In parts of the country, nothing screams summer louder than “clambake!”
These seafood feasts date back to the days when Native Americans lived in coastal regions and cooked the sea’s bounty over open fires. The modern day clambake evolved from that tradition and is still going strong.
Clambakes are traditionally large family or community affairs, and for good reason. They require a lot of preparation and a significant commitment of time. You will, however, reap your rewards in the delicious seafood dinner that traditionally includes not just clams but also lobster, mussels, corn, onions and potatoes. The best part: an easy cleanup.
You’ll find everything you need for a clambake right on or near the beach: the sand for creating a fire pit, the logs for creating the fire; the rocks that are used to actually cook the food; and the seaweed, straight from the ocean, that turns the pit into a steamer.
Here is everything you need to know to get the party started.
The Fire Pit
Check first with local authorities to either make sure that it’s legal to have a fire on the beach or apply for any permits you might need.
Choose a good spot, close to the water, but far enough away that high tide won’t disrupt your party. Dig a pit about 10 inches deep and 4 or 5 feet in diameter — more or less — depending upon how many people you’re feeding (the bigger the crowd, the larger the pit should be).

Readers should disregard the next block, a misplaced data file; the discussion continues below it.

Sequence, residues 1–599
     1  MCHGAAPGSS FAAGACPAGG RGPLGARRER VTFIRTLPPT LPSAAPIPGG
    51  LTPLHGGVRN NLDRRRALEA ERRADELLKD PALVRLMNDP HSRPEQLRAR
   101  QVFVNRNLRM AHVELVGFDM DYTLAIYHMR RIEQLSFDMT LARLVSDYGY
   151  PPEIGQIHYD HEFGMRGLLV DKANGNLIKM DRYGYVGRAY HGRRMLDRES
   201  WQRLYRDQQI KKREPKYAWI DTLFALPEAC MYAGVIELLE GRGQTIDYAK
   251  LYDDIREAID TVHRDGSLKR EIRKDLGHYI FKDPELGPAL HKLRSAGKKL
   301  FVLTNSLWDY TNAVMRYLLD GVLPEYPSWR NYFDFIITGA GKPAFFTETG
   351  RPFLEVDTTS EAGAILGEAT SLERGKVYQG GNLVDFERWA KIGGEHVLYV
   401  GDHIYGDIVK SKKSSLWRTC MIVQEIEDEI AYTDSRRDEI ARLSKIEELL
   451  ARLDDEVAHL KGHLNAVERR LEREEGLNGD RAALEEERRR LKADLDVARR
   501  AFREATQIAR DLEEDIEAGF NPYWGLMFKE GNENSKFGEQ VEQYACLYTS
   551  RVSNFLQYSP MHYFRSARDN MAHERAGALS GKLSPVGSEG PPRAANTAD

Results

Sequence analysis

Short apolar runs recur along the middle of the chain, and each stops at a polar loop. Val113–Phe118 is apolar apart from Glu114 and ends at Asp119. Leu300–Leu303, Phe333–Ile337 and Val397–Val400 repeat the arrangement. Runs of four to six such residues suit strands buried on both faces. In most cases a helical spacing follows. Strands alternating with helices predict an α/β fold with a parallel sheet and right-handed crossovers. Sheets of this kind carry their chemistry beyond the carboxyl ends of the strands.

Use medium-sized stones to line the entire pit. Build a strong fire covering as much of the stone-lined pit as you can. Be sure to have enough firewood to keep the fire going for two or three hours. The stones will cook your food, and must be heated glowing hot. While you wait, gather up the mounds of seaweed you’ll need for the next cooking step.
Rake the ashes out of the pit when the stones are sufficiently heated. Next, place the seaweed onto the hot rocks. The seaweed layer should be about 6 inches thick, but exercise great caution as you put it into place. Make sure it’s wet enough to make the rocks steam.
Layer the food atop the seaweed. Start with the clams, then mussels, then lobster, and top it off with corn (still in their husks), whole potatoes, and peeled and quartered onions. Some people like to wrap individual servings of seafood, meat and vegetables in moistened cheesecloth or aluminum foil before adding them to the pit, which makes serving the meal much easier.
Cover the food with another layer of wet seaweed and then cover the entire pit with a sea water-drenched canvas tarp, using rocks to weigh down the edges. Voilà! A sand pit is now an enormous steamer.
Let it cook for at least about two hours. To ensure that the food doesn’t get too dry, keep things steaming by “basting” the canvas covered pit with seawater every 20 minutes.
Remove tarp and seafood covering carefully, then say hello to dinner. Using tongs to take out cooked ingredients, arrange your meal on large trays and let your guests serve themselves. While it’s doubtful that Native Americans served melted butter with their quahogs, feel free to modernize the tradition and provide butter and lemon wedges — and, of course, moist towelettes to use when the feast is finished.